And it was OK.
I didn’t roll my ankle or catch an elbow in the mouth or take a knee in the groin. I mostly stayed out of the way of the big guys in the paint and tried to make some good passes and play sort of a middling defense. All my cardio work seemed to pay off, in that I could go up and down the court for a solid 90 minutes and still feel pretty fresh by the end of the evening.
All my old basketball buddies had aged — some more gracefully than others. D.D., who’s in his mid-50s, hobbled up and down the court like a man who needs a new hip — which he does. T.W., who’s pushing 60, can’t quite get off the ground anymore when he’s rebounding. And J.Y., now in his early 50s, doesn’t really drive the lane anymore for those acrobatic underhanded lay-ups.
They weren’t alone in showing their years. I didn’t expect that I would exactly light it up after so many years away from the game, but I also didn’t expect it would be so tough to get off a shot that didn’t clang off the backboard or miss the rim entirely. In the final game of the evening, with my team needing one basket to clinch the game (we hadn’t won one all night) I broke free for an easy lay-up . . . and it rolled off the rim.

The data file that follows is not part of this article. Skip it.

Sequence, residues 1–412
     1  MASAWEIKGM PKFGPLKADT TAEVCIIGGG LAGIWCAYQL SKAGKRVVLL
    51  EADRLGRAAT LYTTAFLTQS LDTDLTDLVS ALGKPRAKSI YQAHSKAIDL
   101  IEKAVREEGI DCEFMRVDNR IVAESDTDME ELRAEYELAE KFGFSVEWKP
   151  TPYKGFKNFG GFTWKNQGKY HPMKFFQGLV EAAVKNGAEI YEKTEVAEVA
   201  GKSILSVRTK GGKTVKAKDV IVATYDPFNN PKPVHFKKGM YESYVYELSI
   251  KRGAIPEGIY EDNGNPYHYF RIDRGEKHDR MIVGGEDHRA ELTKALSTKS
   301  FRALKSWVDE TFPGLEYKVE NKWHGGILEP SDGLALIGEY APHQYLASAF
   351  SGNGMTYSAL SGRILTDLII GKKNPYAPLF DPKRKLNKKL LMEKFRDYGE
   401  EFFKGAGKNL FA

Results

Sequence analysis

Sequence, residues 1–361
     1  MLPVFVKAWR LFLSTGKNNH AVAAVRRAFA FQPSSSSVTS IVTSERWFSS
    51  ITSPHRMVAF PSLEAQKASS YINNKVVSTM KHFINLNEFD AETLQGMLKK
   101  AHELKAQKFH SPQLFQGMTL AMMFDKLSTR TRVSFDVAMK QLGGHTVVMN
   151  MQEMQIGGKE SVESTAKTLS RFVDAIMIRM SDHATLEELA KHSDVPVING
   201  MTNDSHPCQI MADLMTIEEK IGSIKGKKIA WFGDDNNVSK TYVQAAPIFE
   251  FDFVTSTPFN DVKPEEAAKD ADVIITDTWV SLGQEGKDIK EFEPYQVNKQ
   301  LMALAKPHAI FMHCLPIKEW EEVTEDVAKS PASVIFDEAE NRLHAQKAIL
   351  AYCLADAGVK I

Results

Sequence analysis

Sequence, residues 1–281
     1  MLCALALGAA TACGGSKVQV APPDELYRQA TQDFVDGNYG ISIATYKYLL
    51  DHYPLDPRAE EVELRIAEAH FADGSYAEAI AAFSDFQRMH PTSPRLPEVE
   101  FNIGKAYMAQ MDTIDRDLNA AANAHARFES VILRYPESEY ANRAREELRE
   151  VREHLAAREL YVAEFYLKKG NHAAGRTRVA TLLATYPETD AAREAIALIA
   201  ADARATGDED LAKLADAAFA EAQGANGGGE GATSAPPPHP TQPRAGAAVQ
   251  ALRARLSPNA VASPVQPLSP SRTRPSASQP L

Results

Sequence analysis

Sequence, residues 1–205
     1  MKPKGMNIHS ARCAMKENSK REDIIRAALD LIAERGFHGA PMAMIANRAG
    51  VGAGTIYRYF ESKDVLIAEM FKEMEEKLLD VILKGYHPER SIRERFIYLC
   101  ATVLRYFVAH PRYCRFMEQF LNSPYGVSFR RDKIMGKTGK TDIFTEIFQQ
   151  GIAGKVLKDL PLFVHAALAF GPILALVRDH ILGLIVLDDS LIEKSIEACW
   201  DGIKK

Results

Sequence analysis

Still, it was fun to trade jibes with these old guys again after so many years away from the court, and it was gratifying to realize that my workout regimen over the past three years had kept me in good enough shape to avoid cardiac arrest.
Now if I can just get my shooting stroke back.